The new game in town is disqualifying Ghanaian nationals from some political offices on grounds that they possess dual citizenship. There is no law in Ghana that disqualifies dual citizens, although there is a law that disqualifies those who owe allegiance to another country. This triggers an obvious question, what is the relationship, if any, between citizenship and allegiance.
Allegiance is a term of art that originates from the common law. Under the common, allegiance was permanent and was determined by nationality. As the old judges used to write "nemo potest exuere patriam," which simply meant "the bond of nationality once forged could never he broken." Accordingly, anyone born a British national owed an allegiance to the British crown which he could never resign or lose.
Nationality is established at birth by a child's place of birth (jus soli) and/or bloodline (jus sanguinis). It is a one time call that is made at birth and not subject to change. Nationality is to a child what his mother is to him. Just as you can only have one mother, you can only have one nationality. (The astute reader will notice that the same is not true about a father. For a child can never really know who the father is).
The implication here is that a Ghanaian at birth will always be a Ghanaian and will always owe allegiance to Ghana. Of course, being a Ghana national means one is also a Ghanaian citizen
But while nationality is prima facie proof of allegiance to a country, citizenship, without more, does not imply allegiance. Further, while one could never become another national, one could easily acquire the citizenships of other countries. It therefore becomes necessary to distinguish between nationality and citizenship.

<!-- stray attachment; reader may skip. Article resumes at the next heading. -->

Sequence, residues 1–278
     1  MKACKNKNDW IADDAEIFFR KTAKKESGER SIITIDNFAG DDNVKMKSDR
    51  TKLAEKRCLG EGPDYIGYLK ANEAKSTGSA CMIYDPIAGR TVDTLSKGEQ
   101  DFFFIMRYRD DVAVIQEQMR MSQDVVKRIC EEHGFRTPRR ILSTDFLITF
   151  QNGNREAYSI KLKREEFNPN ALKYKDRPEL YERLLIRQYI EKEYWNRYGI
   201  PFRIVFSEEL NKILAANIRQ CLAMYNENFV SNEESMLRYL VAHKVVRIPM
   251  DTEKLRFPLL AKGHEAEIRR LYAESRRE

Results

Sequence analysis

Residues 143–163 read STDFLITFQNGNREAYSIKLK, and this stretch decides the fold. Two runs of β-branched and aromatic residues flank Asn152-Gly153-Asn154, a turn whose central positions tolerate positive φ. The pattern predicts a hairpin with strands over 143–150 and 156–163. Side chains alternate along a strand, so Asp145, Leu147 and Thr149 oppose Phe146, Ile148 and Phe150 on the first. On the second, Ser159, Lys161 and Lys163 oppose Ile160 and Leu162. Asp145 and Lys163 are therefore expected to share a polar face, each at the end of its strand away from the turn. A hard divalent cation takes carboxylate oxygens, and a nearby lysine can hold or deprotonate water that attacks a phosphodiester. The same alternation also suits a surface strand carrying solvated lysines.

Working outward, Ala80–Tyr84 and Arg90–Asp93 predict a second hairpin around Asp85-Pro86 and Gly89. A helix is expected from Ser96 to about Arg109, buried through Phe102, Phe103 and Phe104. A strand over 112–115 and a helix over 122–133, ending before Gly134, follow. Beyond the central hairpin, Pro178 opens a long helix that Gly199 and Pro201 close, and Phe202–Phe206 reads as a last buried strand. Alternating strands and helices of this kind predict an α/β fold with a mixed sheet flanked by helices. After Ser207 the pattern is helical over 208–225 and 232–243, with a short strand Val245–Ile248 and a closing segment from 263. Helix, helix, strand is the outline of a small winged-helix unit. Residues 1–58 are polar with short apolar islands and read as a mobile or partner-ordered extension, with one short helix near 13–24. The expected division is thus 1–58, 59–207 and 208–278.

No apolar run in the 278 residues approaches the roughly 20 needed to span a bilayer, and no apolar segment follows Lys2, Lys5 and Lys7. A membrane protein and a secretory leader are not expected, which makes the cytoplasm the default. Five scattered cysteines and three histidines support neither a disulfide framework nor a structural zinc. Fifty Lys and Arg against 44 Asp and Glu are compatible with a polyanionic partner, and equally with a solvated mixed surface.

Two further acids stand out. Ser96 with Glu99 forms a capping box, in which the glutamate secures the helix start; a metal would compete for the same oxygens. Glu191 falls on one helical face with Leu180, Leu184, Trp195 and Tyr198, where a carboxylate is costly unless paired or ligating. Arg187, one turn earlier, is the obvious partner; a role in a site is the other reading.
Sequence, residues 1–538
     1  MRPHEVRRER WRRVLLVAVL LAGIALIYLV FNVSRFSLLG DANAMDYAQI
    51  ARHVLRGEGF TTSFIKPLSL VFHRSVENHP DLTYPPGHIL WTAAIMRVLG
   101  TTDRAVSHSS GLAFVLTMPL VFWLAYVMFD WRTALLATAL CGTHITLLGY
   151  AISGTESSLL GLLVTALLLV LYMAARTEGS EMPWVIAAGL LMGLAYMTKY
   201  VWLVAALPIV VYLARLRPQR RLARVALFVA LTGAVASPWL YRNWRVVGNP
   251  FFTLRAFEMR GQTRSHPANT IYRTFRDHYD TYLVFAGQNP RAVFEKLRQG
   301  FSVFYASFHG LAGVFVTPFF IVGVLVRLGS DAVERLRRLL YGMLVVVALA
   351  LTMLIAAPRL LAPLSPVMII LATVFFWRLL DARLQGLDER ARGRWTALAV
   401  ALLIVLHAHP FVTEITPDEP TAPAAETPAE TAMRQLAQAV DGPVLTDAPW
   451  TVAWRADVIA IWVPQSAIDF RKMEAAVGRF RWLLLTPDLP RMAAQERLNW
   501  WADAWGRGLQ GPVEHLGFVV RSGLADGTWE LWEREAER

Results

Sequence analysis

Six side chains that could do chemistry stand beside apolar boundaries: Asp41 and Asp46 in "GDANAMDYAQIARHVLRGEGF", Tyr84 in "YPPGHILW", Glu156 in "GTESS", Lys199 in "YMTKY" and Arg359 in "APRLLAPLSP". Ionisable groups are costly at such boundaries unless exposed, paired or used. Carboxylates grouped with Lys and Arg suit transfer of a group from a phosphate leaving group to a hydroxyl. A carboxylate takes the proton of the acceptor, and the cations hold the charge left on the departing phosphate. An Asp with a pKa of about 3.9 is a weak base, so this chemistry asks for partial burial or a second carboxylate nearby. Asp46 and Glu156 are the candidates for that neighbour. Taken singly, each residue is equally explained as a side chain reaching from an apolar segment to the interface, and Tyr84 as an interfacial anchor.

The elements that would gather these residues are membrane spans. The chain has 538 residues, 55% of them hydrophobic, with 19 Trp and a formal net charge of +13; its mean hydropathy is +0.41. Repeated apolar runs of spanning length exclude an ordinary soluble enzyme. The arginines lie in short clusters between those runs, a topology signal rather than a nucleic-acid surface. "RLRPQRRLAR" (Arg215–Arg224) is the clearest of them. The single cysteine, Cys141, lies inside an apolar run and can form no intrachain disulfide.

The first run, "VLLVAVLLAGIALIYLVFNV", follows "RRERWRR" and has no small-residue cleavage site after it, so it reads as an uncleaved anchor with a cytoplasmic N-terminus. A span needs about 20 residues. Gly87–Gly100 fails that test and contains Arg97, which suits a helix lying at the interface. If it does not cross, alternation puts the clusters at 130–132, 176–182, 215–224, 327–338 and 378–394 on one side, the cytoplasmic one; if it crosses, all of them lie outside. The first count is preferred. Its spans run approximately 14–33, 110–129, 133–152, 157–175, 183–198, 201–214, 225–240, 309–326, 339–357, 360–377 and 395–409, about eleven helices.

Citizenship is acquired by agreeing to belong to a political or a social community and fulfilling whatever rules that community sets as citizenship criteria. In some cases, it is acquired by service in the military. In some cases, it is acquired by academic or athletic distinction. In yet some cases, it is acquired by marriage.
Unlike nationality, citizenship can be acquired at different times in one's life. (If nationality can be likened to a mother then citizenship can be likened to a wife). Place of birth and/or bloodline are neither necessary nor sufficient to establish citizenship or to preclude it.
However, citizenship is acquired, it is important to state very loudly that acquiring citizenship does not mean or even imply owing allegiance to the community that one has newly and consciously joined. Whether one can even owe allegiance to this new country is a matter of serious debate, one that the common law has provided an answer in the Latin maxim at supra.
But setting aside that maxim, it is clear that whether the new citizen owes allegiance to the new country is one that has to be determined on a case by case basis. Put another way, any general rule which states that a dual citizen owes dual allegiance is wrong as a matter of law. The reason is simple. Every community makes up its own rules for citizenship and different people feel differently about the new country that they have become citizens of. Just as it will make very little sense to give a general rational for why people marry, it equally offends logic, law and common sense to have a general rule which states that having multiple citizenships implies owing multiple allegiances!
It follows that the wholesale disqualification of people on grounds that they have dual citizenship is unconstitutional and must cease forthwith.